The province reported 179 new cases and one death on Saturday.

Manitoba announced 487 new cases of COVID-19 on Saturday and 10 more deaths.

“We can’t continue with these daily case counts,” said Dr. Brent Roussin. “We can’t continue to list off this many Manitobans lost daily.”

Ontario added another 1,708 cases of COVID-19 to its total on Sunday, along with 24 deaths.

Quebec reported 1,395 new cases on Sunday and 12 deaths from COVID-19. The province had set a new single-day record with 1,480 new infections on Saturday as the provincial death toll crossed the 7,000 threshold.

In Atlantic Canada, New Brunswick reported 12 new cases of COVID-19 on Friday, while Newfoundland and Labrador reported four new cases and Nova Scotia reported nine new cases

Figures from New Brunswick and Newfoundland and Labrador show increases of four and two cases, respectively.

Prince Edward Island reported two new COVID-19 cases, both involving young males aged 10 and 19.

There were 14 new cases in Nova Scotia and five COVID-19 cases in Nunavut.

The immigration department is resuming citizenship tests that were put on hold more than eight months ago due to the global pandemic, with safeguards in place to ensure proper identification of those taking the tests online.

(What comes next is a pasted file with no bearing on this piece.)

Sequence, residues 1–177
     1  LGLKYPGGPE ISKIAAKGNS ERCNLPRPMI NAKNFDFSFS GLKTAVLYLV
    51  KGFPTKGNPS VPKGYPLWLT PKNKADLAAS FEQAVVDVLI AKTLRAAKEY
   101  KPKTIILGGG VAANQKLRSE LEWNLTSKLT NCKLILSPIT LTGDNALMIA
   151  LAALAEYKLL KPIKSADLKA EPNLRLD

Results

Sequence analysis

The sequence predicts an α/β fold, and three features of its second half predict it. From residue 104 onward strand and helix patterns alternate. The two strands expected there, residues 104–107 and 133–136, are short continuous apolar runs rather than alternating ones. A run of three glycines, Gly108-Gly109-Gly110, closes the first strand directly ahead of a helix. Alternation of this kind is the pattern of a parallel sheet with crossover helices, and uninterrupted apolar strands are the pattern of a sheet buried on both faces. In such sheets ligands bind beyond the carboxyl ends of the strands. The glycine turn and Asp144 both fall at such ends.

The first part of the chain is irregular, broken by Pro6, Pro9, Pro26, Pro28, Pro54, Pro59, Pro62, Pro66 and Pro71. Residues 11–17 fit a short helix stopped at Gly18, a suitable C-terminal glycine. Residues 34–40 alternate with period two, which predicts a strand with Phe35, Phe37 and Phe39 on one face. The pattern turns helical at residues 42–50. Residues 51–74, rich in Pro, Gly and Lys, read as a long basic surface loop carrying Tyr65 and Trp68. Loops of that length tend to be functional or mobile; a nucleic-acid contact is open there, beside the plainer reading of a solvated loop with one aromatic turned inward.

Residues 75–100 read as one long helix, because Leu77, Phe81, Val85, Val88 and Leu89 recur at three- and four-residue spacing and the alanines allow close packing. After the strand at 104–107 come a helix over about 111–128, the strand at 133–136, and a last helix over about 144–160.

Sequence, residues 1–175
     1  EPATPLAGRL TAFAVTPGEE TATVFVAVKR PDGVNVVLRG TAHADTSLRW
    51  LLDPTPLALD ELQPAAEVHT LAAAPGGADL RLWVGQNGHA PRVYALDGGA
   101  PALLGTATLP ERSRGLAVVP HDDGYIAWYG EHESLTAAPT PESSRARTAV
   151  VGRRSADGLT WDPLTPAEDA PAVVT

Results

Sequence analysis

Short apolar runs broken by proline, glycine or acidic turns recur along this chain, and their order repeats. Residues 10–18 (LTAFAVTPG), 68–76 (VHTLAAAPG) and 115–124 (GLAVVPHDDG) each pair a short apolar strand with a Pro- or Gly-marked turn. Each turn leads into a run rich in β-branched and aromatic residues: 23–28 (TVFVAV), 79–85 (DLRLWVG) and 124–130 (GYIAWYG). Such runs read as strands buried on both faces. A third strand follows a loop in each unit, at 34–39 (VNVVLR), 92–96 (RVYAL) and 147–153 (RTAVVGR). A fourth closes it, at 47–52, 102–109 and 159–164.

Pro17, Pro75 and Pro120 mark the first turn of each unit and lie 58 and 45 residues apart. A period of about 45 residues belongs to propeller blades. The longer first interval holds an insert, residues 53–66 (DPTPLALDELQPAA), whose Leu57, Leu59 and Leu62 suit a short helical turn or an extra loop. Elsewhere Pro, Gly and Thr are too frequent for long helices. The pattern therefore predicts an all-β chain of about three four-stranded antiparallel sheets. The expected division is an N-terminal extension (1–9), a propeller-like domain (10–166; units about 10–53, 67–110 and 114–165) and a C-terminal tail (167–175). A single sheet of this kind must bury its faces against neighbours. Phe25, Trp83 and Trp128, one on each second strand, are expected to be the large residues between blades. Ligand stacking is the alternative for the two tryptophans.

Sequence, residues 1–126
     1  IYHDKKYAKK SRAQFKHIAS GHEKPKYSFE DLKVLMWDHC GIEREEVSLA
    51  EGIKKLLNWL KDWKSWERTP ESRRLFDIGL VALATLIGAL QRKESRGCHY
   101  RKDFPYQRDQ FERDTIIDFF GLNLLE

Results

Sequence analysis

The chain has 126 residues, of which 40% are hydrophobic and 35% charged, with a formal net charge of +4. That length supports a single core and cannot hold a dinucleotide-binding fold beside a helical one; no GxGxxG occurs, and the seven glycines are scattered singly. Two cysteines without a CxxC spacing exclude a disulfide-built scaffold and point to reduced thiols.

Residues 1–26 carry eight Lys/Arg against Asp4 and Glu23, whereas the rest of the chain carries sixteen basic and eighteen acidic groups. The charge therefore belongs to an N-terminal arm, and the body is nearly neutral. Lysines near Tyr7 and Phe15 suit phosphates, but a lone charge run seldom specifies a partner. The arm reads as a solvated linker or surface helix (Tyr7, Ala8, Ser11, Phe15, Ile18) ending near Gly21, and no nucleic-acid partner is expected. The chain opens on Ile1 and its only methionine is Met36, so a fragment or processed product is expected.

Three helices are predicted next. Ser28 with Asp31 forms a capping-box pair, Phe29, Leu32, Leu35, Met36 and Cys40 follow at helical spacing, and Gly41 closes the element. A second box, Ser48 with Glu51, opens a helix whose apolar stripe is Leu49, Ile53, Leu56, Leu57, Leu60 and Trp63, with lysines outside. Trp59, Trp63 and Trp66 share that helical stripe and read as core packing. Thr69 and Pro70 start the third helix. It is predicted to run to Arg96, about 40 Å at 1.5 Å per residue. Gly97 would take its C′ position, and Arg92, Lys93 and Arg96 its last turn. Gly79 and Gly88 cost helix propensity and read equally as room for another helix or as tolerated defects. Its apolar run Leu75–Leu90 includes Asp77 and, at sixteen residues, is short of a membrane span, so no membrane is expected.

Immigration, Refugees and Citizenship Canada (IRCC) is launching a new virtual platform Thursday for the citizenship tests, which will be offered online to a small group at first – the roughly 5,000 people who had dates scheduled before the pandemic that were subsequently cancelled, and other priority cases.

Self-assessment and supports:

With winter cold and influenza season approaching, Alberta Health Services will prioritize Albertans for testing who have symptoms, and those groups which are at higher risk of getting or spreading the virus.

General asymptomatic testing is currently unavailable for people with no known exposure to COVID-19.

Those who test positive will be asked to use the online COVID-19 contact tracing tool, so that their close contacts can be notified by text message.

The province says Albertans who have returned to Canada from other countries must self-isolate. Unless your situation is critical and requires a call to 911, Albertans are advised to call Health Link at 811 before visiting a physician, hospital or other health-care facility.